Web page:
Or are you looking for Search the Archives?

Please complete the form to email this item.

The Bridge at Tyringham, Buckinghamshire

  • Object:


  • Place of origin:

    Tyringham (painted)

  • Date:

    April 1940 (painted)

  • Artist/Maker:

    Piper, John, born 1903 - died 1992 (painter (artist))

  • Materials and Techniques:

    Pen and ink and watercolour on paper

  • Credit Line:

    Given by the Pilgrim Trust

  • Museum number:


  • Gallery location:

    Prints & Drawings Study Room, level H, case RB, shelf 46

In 1940 the Ministry of Labour, in association with the Pilgrim Trust, established a project to commission artists to provide a record of the changing face of Britain. This remarkably ambitious scheme was known as 'Recording Britain'. The secretary of the Central Institute of Art and Design recommended in 1939 that 'artists should be appointed to make drawings, paintings and prints at the war fronts, in factories, workshops, shipyards and on the land, and of the changed life of the towns and villages, thus making a permanent record of life during the war which would be a memorial to the national effort, and of particular local value'. The impetus behind the project was the threat of extensive bomb damage during the Second World War, particularly in the cities but also in the countryside.

Early work by John Piper (1903-1992) was abstract in style. By the late 1930s he had begun designing for the theatre. His watercolours for 'Recording Britain' of church interiors, landscape gardens and country house parks have, as in this painting, the dramatic quality of stage scenery. Tyringham in Buckinghamshire was designed by the architect Sir John Soane and built between 1793 and 1797.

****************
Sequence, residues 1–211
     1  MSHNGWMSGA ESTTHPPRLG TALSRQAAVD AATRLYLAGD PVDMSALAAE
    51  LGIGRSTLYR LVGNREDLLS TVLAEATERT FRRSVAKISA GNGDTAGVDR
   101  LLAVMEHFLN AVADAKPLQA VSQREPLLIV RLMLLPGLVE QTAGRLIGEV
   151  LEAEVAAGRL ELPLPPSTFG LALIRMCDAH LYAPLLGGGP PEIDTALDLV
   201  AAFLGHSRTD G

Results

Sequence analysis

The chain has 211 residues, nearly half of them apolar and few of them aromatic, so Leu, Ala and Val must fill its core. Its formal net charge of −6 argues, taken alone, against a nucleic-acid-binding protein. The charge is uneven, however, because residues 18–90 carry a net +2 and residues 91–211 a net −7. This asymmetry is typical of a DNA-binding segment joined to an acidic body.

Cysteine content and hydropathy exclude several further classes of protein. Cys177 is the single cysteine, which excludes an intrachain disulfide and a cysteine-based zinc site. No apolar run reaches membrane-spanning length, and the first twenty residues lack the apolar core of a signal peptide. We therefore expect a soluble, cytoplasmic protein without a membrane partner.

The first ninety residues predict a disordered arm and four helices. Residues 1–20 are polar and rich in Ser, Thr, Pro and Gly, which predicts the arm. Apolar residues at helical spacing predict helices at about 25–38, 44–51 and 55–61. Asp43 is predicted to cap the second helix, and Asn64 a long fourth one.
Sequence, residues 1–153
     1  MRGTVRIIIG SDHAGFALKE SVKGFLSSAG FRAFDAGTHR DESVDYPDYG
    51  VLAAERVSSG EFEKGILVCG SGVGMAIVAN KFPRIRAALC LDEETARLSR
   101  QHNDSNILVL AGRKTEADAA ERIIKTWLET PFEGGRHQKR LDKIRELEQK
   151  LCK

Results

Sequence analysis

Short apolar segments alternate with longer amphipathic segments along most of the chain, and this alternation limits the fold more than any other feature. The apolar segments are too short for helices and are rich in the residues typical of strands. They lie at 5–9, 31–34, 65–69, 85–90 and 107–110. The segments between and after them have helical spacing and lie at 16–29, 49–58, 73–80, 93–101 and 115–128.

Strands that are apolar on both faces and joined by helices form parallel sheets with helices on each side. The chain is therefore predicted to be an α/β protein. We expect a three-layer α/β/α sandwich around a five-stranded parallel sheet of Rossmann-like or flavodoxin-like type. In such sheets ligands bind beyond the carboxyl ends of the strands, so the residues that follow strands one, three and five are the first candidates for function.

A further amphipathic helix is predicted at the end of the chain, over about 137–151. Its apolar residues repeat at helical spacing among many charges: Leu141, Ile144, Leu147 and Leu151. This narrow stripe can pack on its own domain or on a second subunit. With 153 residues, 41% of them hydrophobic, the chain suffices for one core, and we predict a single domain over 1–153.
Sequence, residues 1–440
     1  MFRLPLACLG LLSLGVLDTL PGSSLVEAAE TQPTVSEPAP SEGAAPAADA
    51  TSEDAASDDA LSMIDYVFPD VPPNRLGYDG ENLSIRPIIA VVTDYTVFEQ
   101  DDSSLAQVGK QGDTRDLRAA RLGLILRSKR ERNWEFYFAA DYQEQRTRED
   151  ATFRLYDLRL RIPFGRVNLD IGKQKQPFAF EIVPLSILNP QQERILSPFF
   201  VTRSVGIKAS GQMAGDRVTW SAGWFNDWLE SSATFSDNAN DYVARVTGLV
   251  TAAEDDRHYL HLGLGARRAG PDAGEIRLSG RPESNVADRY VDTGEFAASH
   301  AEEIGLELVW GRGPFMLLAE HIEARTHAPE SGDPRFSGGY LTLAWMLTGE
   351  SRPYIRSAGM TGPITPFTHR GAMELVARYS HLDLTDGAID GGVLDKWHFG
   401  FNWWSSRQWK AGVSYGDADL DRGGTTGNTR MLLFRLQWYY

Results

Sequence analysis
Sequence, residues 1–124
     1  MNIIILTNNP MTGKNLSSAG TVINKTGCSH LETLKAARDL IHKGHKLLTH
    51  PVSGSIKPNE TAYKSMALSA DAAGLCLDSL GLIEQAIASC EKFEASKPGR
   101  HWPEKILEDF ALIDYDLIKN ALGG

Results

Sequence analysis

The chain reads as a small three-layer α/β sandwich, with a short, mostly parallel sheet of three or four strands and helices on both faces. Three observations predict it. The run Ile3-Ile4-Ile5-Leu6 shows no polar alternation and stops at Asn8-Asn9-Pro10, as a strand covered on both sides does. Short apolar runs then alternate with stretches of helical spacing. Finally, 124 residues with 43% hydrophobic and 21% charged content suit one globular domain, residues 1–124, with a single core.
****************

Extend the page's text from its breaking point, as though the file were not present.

Physical description

Watercolour painting; signed and dated. House, bridge and screen at Tyringham were devised as a complete scheme by that master of architectural illusion, John Soane. In the artist's picture both bridge and screen appear as flat and insubstantial as stage scenery, though in reality each is massively solid. By this device he emphasises their role as creators of dramatic effect, props designed to enhance the central figure in the drama, the house itself, not seen in the picture.

Place of Origin

Tyringham (painted)


April 1940 (painted)


Piper, John, born 1903 - died 1992 (painter (artist))

Materials and Techniques

Pen and ink and watercolour on paper

Marks and inscriptions

'John Piper Tyringham April 1940'
Signed and dated in pencil


Height: 36.8 cm, Width: 48.9 cm

Object history note

This work is from the 'Recording Britain' collection of topographical watercolours and drawings made in the early 1940s during the Second World War. In 1940 the Committee for the Employment of Artists in Wartime, part of the Ministry of Labour and National Service, launched a scheme to employ artists to record the home front in Britain, funded by a grant from the Pilgrim Trust. It ran until 1943 and some of the country's finest watercolour painters, such as John Piper, Sir William Russell Flint and Rowland Hilder, were commissioned to make paintings and drawings of buildings, scenes, and places which captured a sense of national identity. Their subjects were typically English: market towns and villages, churches and country estates, rural landscapes and industries, rivers and wild places, monuments and ruins. Northern Ireland was not covered, only four Welsh counties were included, and a separate scheme covered Scotland.